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The irrelevance of (Mormon?) religion

July 9, 2011
Book of Mormon musical

Irrelevant just to African stereotypes?

I see a lot of reasons why ex/post/former/disaffected Mormons got that way. Many had testimonies, and then lost them for various reasons. Maybe they found out aspects of history that soured against them. Maybe they lost confidence in the Mormon epistemology — how they once knew what they knew about the church. Maybe it was church policies and doctrines and activities and things like that.

Reading the stories of various ex-Mos gives me insight into the diversity of the Outer Blogness (do you have this portal saved, yet?), because while many of the experiences do resonate with me, at the very same time many of the particulars are quite foreign.

I didn’t quite become disaffected because I lost faith or because I stopped believing in the truthfulness of the church’s claims, because in actuality, I didn’t really ever have faith, and my process was more of coming into realization of this. The beginning of the end was when I questioned why I felt an obligation to defend scriptures and history that seemed dubious even to me.

So these things weren’t decisive. Instead, I asked myself a far more dangerous question: couldn’t I live my life the same without church as I did with church and have everything turn out ok?

That was a dangerous question indeed. I guess, if anything, what led me to disaffection was my suspicion…then realization…that religion — and particularly my Mormon religion — seems irrelevant to my life.

This is actually something of a point in the Book of Mormon musical, I hear. (I say I hear because I have to admit I have not seen the musical, but have only read about it and listened to the soundtrack extensively) The Ugandans (as portrayed in the musical, at least) are beset by issues that the Book of Mormon doesn’t really touch, to the extent that to “reach out,” Elder Cunningham must make stuff up (that, to be honest, is in the spirit of what the church espouses…just isn’t in the historical narrative.)

Well, I don’t have issues with AIDS or maggots in my…anyway. But I still do have problems with the relevance of the religion.

So, while in my previous article I talked about how interesting it is for me to see people for whom spiritual experiences have played a great deal in their lives, I am also interested by those people — Mormon or otherwise — for whom their religion is integral to their life purpose and direction from a practical standpoint.

I don’t think I’m being so clear, so let me try to explain in a roundabout way.

I have often noted (and still note) that what I did appreciate about Mormonism was its practical life benefits. I think that there’s a clean (if not prudish, as I mentioned before) life therein. I believe that it is a good primer for business sense, for public speaking, for personal management and professionalism. So are these things “irrelevant”?

Well, no. But yes. They aren’t irrelevant in the sense that they can really make the difference between success and failure in many situations. They can really improve one’s life or prevent one from wrecking it.

But they are irrelevant in the sense that I wouldn’t consider my life purpose or meaning in terms of how professional I am, or how closely I abstain from drinking.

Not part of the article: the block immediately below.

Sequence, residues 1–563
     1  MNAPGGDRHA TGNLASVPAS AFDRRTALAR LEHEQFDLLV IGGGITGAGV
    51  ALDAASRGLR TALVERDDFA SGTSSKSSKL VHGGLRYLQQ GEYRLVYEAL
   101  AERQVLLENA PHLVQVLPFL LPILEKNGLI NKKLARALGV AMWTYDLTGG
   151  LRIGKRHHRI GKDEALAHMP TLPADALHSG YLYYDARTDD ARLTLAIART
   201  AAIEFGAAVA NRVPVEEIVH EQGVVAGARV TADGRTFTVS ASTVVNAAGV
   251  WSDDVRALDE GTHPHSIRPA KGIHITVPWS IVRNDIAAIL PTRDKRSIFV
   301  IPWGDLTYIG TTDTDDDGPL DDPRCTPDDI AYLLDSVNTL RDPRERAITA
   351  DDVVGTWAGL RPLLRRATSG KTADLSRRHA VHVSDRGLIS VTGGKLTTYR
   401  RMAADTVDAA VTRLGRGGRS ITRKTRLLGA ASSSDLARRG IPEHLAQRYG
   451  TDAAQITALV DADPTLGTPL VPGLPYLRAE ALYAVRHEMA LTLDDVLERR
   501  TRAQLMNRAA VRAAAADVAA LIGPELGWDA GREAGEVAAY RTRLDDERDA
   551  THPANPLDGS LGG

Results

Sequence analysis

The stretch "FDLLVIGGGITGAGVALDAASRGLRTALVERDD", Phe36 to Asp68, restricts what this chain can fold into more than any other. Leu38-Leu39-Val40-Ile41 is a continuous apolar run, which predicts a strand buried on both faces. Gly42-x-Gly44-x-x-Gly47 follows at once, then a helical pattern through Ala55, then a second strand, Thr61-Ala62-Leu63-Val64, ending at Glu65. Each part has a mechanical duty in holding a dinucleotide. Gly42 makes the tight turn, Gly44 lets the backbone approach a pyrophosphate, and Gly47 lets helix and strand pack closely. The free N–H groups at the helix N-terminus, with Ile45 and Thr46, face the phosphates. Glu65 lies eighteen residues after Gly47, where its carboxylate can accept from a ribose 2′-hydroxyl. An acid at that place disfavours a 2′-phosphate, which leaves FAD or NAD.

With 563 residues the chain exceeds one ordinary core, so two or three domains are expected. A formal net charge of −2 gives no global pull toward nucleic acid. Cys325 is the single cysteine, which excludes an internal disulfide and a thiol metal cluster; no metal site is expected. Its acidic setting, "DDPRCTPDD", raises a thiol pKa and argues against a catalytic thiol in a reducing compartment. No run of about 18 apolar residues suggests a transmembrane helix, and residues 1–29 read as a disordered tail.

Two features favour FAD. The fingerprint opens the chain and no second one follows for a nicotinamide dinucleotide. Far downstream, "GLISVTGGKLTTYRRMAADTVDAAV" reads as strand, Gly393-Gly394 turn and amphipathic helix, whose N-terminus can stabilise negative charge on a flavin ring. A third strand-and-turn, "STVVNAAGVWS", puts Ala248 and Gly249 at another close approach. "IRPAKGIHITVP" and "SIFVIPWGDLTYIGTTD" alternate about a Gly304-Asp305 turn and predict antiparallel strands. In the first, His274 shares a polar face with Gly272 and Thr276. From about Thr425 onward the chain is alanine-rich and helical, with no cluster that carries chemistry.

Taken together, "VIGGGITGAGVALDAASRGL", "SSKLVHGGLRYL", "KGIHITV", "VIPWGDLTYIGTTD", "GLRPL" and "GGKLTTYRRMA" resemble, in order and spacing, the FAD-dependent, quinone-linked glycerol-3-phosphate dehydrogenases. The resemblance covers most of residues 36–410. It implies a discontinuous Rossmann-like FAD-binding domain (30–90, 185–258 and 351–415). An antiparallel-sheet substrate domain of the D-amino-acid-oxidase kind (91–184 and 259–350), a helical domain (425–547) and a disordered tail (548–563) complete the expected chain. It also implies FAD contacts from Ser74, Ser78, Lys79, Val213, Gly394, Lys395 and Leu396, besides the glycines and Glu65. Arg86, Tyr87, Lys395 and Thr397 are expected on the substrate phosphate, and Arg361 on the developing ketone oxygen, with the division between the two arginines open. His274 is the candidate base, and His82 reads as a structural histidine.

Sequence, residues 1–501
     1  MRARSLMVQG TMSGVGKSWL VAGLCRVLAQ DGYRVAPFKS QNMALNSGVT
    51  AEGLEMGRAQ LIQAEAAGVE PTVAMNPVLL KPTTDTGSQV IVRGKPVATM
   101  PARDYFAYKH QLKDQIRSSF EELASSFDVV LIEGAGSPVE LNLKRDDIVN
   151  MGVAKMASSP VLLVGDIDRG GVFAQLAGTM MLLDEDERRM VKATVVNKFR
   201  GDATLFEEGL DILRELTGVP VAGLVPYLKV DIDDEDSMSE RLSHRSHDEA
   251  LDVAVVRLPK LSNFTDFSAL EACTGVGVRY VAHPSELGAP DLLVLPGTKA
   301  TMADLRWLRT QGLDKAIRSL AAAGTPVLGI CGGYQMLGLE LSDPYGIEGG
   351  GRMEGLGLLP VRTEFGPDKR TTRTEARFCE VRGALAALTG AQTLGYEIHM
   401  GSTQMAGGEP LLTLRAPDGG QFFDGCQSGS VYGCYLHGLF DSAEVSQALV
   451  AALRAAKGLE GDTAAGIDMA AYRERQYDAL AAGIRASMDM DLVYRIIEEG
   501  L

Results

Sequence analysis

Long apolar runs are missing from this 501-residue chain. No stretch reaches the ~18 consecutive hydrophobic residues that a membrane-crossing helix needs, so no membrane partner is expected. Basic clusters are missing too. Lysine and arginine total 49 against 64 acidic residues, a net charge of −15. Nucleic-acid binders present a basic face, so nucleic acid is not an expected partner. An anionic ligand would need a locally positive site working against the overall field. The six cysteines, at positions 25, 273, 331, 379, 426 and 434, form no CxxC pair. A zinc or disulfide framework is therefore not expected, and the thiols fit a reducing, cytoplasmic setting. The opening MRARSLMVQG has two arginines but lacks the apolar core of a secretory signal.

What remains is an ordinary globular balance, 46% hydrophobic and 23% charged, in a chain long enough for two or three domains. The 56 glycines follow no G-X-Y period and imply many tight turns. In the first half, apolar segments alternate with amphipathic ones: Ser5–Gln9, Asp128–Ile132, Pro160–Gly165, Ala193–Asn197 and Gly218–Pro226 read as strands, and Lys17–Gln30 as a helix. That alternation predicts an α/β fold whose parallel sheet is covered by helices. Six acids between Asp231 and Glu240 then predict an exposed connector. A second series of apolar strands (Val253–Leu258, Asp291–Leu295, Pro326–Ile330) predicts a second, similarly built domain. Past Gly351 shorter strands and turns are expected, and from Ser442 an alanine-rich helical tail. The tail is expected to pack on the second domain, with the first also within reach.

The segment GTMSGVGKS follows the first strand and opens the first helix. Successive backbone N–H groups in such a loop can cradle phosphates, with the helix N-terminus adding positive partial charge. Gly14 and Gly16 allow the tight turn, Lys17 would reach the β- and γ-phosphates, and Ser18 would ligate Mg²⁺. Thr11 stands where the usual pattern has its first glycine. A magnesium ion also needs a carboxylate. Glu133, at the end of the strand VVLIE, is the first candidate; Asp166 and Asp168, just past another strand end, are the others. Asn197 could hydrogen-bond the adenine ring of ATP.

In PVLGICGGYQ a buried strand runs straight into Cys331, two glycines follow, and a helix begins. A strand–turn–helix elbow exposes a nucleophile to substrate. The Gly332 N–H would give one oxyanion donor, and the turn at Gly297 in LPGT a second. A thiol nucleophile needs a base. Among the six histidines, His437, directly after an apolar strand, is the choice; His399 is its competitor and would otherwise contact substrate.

I was really touched by this article at By Common Consent about perverting modesty because this is a bit of what I mean. Rules about covering shoulders and knees is helpful in some senses, but in the big picture, it seems…utterly irrelevant.

…maybe I was just doing it wrong. I mean, I know plenty of people who improve their characters through religions. Who change into completely different people (sometimes, unfortunately, not for the better.) But I can’t help but shake this feeling that many people develop moral inclinations and characters independently of religion, and religion is just a kind of “overlay” on top. That’s why I don’t think I’ve changed all that much since disaffiliating from the church.

Kendall Wilcox Far BetweenThis morning I’ve been listening to John Dehlin’s interview with Kendall Wilcox via Mormon Stories. Part of the story seems pretty mundane for a discussion about the fringes of the Mormon church (and I will now proceed to vitally abuse and gloss over the story; listen to the podcast for the nuance and stuff). Guy who’s gay, struggles with his acceptance and understanding of his sexuality and its relationship to his spirituality and his understanding of his Mormonism. The twist might be surprising to some, but I’ve been seeing it often enough that even it is mundane: more and more people are not looking at things as either/or. They aren’t buying that it’s either sexuality or religion — even for a religion like Mormonism. They are coming out and promoting empathy.

There was a line that intrigued me though. From the first part of the interview, Kendall says:

…”Can you [the church] help me learn what it really means, what this experience of sexuality really is  like, and what meaning it has in terms of my theological beliefs and understandings?” The more we [in the church] do that…I think the more people choose proactively…to stay within the church, rather than saying, “I’m completely closeted and feeling  unloved in the church environment, so I’m going to leave, even though it may be the hardest thing I ever do.”